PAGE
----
Have you faced a change in circumstances and realised you aren’t talking about how this changes your ways of working? Have you started a project, knowing what it would take to succeed, but struggled to share this insight? Have you worked with people where your different approaches are stopping you from working together successfully?
As a manager, I know I have high standards and so can quickly find myself disappointed. Having nashed my teeth and moaned about this repeating pattern, my coach helped me see that the common element of this problem was ‘me’ rather than ‘them’. I realised that I was avoiding talking about my needs and expectations, and assuming my team would work this out. I started to explore how I could improve and came across the idea of ‘contracting’ from the world of consulting. This short blog outlines what I learnt and how it might apply to your work.
What is it?
We bring expectations, hopes and fears to all relationships we create but rarely are these spoken about explicitly. In many situations, problems arise between parties because they are expecting different things from each other and don’t talk about it. When we start new projects or roles, we naturally to ask questions about WHAT needs doing, but rarely do we talk about HOW we want to do it.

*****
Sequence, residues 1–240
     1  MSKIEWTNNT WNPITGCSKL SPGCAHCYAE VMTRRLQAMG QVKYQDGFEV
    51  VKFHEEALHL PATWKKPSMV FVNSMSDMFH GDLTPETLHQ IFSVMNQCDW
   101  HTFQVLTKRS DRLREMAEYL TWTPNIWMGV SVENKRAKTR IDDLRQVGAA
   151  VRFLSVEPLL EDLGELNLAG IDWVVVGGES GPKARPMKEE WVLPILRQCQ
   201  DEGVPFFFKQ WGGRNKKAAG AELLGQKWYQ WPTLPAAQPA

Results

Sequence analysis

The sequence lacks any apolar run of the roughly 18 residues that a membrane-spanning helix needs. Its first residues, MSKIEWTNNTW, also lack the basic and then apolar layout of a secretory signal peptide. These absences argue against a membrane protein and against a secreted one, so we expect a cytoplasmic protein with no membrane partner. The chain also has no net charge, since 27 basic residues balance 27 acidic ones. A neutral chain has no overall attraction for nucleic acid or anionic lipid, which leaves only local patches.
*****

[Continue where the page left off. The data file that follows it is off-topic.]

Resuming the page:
The act of ‘contracting’ makes the HOW explicit. It focuses on the individual expectations we bring, because of our own preferences, or what the situation demands. It can be especially useful at the start of a new relationship (individual or group), or when circumstances are changing. This can feel daunting and so Peter Block suggests the following two simple headings:
- Wants: this is a description of how you like to work (e.g. from home, with agendas in advance) and/or what you think is needed in the situation (e.g. devolved decision making, freedom to make mistakes)
- Offers: this is a description of the support you can (and can’t) offer (e.g. advice on what you have done before, questions to test hypothesis)
There is a tendency to complicate things by making elaborate explanations and justifications when we make our needs explicit. Partly because we fear being seen as rude or overly demanding. This can confuse the situation, so I invite you to make your statements: clear, simple and short.
How do I do it?
In terms of the steps of contracting:
- Explain to the individual or group that you would like to contract with them and why. Invite them to be honest, specific and clear in the conversation.
- Invite them to think about their own wants and offers and come to the conversation prepared.
- Do your own homework and think about the wants and offers you want to put on the table.
- Meet to discuss and compare notes and look for common ground and differences. Look to understand, rather than defend differences (which means you need to ask questions)
- Work together to agree (and keep a note) the expectations of each other and how you will work together
- Review these regularly
For further advice or its application, give me a call.